Changing consumer preferences, combined with regulatory shifts, have altered the landscape poultry producers use to evaluate their feed additive choices. Prebiotics and probiotics are increasingly popular choices, but the difference between the two is not always fully understood.
While complementary to each other, prebiotics and probiotics are not necessarily interchangeable in a diet, nor are they the same in how they affect gut microbes. They feature different modes of action and stem from different origins.
They may be used in animal diets independently or in combination to help producers accomplish the desired outcomes of enhanced animal health and productivity.
Prebiotics act as a food source for the good bacteria that are already living in the gastrointestinal (GI) tract and have been shown to support animal health and performance.
More formally, a prebiotic is a specialized, non-digestible carbohydrate that beneficially sustains the good bacteria already in the GI tract. A prebiotic is not a microorganism. It is a sort of nourishment source for existing bacteria, allowing the existing typical colony within an animal’s gut to grow naturally and reproduce.2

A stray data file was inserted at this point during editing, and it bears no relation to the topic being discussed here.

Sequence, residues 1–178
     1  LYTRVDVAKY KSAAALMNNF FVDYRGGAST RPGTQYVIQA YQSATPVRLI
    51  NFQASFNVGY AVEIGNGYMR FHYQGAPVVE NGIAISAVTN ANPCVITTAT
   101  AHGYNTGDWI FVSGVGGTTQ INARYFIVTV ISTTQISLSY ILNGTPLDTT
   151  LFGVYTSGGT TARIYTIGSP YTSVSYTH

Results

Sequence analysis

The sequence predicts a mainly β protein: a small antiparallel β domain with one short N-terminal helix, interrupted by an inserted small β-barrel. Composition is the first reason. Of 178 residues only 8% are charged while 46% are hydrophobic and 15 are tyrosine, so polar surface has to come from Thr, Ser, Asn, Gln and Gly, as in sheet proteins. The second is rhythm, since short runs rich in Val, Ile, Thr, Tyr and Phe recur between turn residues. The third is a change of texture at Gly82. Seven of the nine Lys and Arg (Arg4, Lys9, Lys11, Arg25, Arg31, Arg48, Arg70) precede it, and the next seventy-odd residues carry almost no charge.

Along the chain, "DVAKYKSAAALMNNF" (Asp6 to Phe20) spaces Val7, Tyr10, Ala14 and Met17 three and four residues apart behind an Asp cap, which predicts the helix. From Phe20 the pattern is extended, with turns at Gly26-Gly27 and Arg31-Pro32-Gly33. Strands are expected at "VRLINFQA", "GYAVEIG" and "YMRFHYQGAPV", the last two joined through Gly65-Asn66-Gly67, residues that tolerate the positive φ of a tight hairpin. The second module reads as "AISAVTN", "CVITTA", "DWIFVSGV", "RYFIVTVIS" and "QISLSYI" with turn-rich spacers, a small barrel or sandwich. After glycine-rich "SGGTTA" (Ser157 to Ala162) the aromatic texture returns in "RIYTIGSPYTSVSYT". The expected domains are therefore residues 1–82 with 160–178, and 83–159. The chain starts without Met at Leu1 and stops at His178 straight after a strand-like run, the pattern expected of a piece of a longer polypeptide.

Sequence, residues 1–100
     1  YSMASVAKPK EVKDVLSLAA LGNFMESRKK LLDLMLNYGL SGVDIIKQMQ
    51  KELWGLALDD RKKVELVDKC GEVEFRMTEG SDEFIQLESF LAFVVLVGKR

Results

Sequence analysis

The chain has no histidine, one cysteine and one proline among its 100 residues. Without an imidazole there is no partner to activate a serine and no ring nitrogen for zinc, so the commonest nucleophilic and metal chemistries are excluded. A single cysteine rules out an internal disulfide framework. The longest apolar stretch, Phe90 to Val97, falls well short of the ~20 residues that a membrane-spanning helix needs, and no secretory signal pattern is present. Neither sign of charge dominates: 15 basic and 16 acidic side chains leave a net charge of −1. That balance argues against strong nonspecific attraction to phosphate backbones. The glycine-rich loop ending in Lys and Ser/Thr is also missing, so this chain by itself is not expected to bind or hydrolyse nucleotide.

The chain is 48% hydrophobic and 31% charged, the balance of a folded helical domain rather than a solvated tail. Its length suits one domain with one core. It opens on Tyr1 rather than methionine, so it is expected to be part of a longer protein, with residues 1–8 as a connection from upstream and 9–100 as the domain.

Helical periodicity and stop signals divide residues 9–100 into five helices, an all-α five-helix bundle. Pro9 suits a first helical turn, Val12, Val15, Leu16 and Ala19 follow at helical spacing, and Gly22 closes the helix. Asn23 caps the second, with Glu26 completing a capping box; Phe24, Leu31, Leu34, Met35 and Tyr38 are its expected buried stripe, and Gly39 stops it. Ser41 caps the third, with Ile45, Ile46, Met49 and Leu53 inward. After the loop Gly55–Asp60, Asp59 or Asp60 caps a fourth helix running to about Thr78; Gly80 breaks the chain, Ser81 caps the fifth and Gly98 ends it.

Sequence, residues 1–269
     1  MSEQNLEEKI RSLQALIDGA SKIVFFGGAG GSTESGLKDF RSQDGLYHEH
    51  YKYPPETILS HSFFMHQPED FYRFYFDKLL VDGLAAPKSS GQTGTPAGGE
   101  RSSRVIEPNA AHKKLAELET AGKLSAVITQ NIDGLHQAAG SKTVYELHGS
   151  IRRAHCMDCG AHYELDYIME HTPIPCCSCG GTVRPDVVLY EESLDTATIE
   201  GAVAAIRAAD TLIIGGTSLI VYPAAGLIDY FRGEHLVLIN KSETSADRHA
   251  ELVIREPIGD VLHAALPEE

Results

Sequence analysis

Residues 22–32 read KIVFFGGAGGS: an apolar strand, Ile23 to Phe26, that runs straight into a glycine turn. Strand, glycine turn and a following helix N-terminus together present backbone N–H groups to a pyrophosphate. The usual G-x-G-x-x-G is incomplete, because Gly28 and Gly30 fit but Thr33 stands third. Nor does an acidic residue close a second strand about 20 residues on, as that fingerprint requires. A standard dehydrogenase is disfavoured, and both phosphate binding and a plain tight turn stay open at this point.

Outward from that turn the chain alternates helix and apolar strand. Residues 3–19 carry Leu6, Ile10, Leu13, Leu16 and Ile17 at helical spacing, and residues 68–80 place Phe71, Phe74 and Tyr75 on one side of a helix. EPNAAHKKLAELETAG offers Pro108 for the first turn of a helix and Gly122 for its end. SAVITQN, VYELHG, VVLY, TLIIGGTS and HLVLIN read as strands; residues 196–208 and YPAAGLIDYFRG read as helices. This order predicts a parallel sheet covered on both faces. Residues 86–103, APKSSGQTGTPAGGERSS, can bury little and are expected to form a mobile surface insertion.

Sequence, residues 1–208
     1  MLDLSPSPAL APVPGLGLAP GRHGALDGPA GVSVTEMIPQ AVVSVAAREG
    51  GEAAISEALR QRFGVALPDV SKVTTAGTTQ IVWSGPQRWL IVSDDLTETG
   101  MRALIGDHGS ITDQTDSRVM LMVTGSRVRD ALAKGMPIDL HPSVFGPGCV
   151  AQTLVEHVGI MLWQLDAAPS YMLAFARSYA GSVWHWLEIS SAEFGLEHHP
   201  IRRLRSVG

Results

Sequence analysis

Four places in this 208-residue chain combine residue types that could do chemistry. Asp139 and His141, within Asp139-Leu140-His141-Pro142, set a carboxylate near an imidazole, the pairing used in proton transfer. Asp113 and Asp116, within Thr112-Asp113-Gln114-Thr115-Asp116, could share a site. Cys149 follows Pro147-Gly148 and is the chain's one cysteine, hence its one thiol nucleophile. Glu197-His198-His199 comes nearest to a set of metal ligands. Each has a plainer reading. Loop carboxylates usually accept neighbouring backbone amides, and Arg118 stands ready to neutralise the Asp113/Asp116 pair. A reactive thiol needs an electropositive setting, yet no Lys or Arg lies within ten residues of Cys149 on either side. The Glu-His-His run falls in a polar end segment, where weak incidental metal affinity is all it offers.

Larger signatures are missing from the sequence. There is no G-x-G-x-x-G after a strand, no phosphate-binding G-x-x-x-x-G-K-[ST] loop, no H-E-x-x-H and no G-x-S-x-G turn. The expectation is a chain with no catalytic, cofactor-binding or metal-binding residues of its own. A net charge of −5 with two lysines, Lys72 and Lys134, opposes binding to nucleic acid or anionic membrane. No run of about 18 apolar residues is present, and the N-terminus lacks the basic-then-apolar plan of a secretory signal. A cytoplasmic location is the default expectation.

Prebiotics may be obtained from several sources, including particular yeast cell walls such as Saccharomyces cerevisiae.
Prebiotics are complex sugars (usually oligomers), but not all sugars are prebiotics. Many sugars are digestible by the animal and are used as an energy source.
The word “probiotic” comes from the Greek words “pro” and “biotic,” meaning “for life.”
Probiotics have sometimes been referred to as “direct-fed microbial.” Targeted microbial solutions is a more descriptive term. These are proprietary strains of Bacillus selected to combat the specific challenges in a farm’s Microbial Terroir™—which includes the environment, soil, animals, and weather in a particular farm location.
These good strains of bacteria help combat harmful pathogens that are impacting animals’ performance and are a live microbial feed additive that beneficially affects the host animal by improving its intestinal balance.
In short, probiotics are the “good” bacteria that live in the animal’s GI tract. They work by competitive exclusion—that means when adequate populations of probiotic bacteria are present, they reduce pathogenic bacteria’s ability to get out of control and overwhelm the host. , they crowd pathogens out. They also work by explicitly inhibiting pathogenic growth.